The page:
United States Premiere

2017 • Turkey • 115 min.

Director: Onur Saylak
Screenwriter: Onur Saylak, Dogu Yasar Akal
Cast: Ahmet Mümtaz Taylan, Hayat Van Eck, Turgut Tuncalp

March 25, 2018 @ 1:00 pm

Harvard Film Archive

Onur Saylak’s debut film Daha explores the age-old question of whether monsters are born or bred through the timely prism of the Syrian refugee crisis, crafting along the way a sharp examination of the horrors of the human condition.

14-year old Gaza lives in a small town on the Aegean coast with his domineering father Ahad. Whilst Gaza dreams of studying and going to university, Ahad wants him to learn the ropes of the refugee smuggling business and eventually become his partner. Initially resistant to the idea, Gaza is drawn into a world of immorality and corruption by his father; it isn’t long before Gaza’s soul is at stake in a dark and dangerous game.

Combining the quiet beauty of the Aegean coastline with the ugly brutality of the humans that inhabit this small trading outpost, Daha crafts a landscape as dark as the psyche of people who look upon refugees and see only chattel. There is no escaping the urgent need to confront the world we have helped to create with our politics and silent complicity; Saylak does it in a way that avoids judgement or moralizing.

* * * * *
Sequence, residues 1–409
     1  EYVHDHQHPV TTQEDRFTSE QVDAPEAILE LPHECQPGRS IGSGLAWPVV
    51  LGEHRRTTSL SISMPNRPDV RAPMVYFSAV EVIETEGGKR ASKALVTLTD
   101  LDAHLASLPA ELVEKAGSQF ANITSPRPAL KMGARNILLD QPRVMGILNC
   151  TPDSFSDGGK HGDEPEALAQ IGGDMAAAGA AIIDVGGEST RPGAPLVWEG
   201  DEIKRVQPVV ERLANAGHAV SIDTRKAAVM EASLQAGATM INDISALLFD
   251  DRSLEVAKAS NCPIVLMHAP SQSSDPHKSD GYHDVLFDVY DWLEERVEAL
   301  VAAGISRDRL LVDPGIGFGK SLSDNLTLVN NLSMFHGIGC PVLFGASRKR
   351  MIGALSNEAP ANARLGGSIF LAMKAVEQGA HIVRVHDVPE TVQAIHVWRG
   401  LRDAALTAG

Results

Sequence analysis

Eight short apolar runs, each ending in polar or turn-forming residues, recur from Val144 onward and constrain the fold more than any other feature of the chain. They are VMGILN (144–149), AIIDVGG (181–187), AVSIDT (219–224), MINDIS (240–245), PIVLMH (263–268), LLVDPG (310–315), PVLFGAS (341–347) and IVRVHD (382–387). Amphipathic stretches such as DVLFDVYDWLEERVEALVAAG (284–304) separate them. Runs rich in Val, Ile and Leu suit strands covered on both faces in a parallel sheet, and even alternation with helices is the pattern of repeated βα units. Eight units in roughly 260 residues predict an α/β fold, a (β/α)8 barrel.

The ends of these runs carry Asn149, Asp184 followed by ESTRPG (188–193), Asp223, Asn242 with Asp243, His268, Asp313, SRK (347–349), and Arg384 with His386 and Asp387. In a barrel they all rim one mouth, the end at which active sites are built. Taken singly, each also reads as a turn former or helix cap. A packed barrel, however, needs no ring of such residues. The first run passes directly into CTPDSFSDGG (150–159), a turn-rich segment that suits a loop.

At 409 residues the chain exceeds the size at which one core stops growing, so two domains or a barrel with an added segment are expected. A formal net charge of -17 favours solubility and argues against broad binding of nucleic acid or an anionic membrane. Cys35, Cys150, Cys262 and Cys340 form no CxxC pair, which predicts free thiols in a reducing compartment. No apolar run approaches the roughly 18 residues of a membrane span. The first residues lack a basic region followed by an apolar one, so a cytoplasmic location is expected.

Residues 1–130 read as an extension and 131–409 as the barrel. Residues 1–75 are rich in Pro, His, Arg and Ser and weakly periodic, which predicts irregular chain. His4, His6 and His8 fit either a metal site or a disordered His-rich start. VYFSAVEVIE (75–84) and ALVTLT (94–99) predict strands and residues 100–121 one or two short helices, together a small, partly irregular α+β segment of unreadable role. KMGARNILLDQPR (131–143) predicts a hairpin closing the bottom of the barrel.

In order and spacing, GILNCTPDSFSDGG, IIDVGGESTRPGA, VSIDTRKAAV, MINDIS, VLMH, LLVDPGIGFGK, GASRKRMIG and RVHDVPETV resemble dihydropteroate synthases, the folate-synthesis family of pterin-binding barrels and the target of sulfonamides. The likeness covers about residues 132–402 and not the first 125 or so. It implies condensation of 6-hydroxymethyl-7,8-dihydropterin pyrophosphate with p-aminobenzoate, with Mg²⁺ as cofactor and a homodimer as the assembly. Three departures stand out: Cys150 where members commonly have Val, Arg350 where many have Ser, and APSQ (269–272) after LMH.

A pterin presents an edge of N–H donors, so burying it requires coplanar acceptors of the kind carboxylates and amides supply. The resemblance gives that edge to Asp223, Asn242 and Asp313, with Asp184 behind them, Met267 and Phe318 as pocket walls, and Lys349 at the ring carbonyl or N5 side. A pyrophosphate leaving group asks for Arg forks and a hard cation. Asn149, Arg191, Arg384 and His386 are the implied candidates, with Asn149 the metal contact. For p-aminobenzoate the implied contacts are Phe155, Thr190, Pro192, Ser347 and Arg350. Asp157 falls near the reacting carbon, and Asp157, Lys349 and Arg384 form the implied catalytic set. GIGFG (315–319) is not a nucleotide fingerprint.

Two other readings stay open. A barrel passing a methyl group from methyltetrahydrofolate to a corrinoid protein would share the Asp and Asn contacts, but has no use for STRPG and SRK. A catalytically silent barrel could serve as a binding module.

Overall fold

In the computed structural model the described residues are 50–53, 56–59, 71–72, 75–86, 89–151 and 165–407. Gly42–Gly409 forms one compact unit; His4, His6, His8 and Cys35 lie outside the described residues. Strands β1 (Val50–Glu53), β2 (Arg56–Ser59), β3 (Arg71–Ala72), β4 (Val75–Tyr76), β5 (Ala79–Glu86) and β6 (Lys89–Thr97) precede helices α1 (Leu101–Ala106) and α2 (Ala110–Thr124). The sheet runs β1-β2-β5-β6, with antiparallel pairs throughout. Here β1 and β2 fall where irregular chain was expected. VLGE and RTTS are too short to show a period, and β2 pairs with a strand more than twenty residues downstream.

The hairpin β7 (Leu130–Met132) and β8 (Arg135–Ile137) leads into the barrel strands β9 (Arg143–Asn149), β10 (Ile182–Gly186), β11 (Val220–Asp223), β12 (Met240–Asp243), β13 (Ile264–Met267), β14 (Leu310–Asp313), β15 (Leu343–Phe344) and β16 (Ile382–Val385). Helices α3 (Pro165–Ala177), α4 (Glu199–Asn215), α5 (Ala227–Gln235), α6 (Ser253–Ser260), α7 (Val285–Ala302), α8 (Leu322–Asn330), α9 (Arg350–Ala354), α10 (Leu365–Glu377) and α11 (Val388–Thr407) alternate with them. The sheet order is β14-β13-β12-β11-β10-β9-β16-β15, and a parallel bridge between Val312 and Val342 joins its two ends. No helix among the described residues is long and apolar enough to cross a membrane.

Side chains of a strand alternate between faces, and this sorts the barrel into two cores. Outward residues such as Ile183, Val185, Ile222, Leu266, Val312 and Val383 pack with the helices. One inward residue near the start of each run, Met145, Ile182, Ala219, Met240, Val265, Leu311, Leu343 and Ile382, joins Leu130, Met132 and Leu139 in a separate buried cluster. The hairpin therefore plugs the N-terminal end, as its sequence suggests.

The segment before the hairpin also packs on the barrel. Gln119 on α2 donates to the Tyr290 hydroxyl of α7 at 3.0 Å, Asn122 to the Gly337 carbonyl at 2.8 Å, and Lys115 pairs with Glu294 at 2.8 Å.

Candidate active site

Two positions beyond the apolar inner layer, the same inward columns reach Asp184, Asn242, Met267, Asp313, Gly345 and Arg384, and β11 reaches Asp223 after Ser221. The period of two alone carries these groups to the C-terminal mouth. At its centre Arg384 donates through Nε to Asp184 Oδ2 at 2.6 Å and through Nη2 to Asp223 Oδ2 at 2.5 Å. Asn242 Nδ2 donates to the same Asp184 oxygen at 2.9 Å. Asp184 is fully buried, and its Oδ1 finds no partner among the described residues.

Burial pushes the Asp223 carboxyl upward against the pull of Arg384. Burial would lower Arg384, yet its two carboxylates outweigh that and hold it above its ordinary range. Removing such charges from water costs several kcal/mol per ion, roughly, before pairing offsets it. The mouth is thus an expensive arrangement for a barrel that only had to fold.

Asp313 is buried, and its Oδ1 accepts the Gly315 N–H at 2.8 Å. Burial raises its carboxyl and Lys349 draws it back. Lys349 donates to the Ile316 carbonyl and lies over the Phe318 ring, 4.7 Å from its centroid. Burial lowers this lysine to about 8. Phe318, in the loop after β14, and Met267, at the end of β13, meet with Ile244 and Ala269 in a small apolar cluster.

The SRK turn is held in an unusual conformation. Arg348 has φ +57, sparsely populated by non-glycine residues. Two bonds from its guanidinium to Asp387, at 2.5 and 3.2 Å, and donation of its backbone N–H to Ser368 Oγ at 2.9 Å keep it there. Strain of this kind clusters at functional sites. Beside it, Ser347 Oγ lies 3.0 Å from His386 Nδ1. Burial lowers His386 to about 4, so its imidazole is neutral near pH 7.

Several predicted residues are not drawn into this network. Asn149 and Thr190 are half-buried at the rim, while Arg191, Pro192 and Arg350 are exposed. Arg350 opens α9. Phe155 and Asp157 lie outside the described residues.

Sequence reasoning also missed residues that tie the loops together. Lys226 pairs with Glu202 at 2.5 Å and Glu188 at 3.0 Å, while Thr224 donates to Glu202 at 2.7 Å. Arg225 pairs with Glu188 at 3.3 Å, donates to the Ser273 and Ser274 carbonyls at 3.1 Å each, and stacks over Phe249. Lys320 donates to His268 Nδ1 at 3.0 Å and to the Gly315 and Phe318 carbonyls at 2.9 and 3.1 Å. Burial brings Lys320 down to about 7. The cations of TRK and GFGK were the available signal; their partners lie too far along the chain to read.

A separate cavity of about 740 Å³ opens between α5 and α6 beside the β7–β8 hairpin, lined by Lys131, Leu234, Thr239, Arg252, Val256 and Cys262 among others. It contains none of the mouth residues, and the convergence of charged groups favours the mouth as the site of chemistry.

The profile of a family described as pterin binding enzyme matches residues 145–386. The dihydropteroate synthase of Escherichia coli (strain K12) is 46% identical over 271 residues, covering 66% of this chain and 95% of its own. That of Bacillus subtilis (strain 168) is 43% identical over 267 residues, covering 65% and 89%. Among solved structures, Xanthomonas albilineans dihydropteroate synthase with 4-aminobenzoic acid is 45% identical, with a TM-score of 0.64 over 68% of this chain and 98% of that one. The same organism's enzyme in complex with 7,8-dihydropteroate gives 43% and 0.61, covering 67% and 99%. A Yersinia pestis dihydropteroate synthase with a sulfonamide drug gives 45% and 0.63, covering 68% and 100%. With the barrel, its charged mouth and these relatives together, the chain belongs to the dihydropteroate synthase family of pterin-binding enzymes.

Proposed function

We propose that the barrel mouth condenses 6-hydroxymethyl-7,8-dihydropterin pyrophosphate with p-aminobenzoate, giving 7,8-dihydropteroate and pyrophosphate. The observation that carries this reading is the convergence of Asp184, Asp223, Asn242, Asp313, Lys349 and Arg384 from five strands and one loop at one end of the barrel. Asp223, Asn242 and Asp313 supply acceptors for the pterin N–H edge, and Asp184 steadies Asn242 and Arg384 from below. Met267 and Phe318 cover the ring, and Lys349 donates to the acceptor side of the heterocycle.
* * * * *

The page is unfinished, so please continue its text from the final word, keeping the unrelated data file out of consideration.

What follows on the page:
Boasting screen-shattering performances from first timer Hayat Van Eck and brilliant actor Ahmet Mümtaz Taylan, Daha is the kind of debut that happens only once a decade: with an assured hand, Onur Saylak adapts Hakan Günday’s award-winning novel into a story so horrific and real that no audience will be able to avoid the frightening and pertinent questions the film dares to ask. Do not miss the opportunity to see this milestone in Turkish cinema on the big screen as intended.

NOTE: This film received no state funding from Turkey and was made only with private backing.

– Evrim Ersoy